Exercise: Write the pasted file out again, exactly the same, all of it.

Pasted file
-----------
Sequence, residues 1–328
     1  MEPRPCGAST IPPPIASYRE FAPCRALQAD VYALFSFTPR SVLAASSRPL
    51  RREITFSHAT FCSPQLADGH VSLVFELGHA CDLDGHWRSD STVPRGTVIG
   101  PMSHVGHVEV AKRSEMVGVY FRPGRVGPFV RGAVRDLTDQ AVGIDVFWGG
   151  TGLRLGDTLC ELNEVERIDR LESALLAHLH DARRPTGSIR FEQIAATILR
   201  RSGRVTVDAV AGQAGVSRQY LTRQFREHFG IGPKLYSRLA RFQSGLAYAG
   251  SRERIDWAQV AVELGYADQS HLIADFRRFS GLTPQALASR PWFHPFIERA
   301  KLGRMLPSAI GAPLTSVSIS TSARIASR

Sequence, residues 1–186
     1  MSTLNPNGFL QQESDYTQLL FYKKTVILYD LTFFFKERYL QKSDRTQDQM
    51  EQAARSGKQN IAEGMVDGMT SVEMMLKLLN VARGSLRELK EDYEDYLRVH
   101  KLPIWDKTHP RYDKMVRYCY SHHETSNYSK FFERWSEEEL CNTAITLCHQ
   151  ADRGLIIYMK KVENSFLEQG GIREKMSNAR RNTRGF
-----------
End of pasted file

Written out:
Sequence, residues 1–328
     1  MEPRPCGAST IPPPIASYRE FAPCRALQAD VYALFSFTPR SVLAASSRPL
    51  RREITFSHAT FCSPQLADGH VSLVFELGHA CDLDGHWRSD STVPRGTVIG
   101  PMSHVGHVEV AKRSEMVGVY FRPGRVGPFV RGAVRDLTDQ AVGIDVFWGG
   151  TGLRLGDTLC ELNEVERIDR LESALLAHLH DARRPTGSIR FEQIAATILR
   201  RSGRVTVDAV AGQAGVSRQY LTRQFREHFG IGPKLYSRLA RFQSGLAYAG
   251  SRERIDWAQV AVELGYADQS HLIADFRRFS GLTPQALASR PWFHPFIERA
   301  KLGRMLPSAI GAPLTSVSIS TSARIASR

Sequence, residues 1–186
     1  MSTLNPNGFL QQESDYTQLL FYKKTVILYD LTFFFKERYL QKSDRTQDQM
    51  EQAARSGKQN IAEGMVDGMT SVEMMLKLLN VARGSLRELK EDYEDYLRVH
   101  KLPIWDKTHP RYDKMVRYCY SHHETSNYSK FFERWSEEEL CNTAITLCHQ
   151  ADRGLIIYMK KVENSFLEQG GIREKMSNAR RNTRGF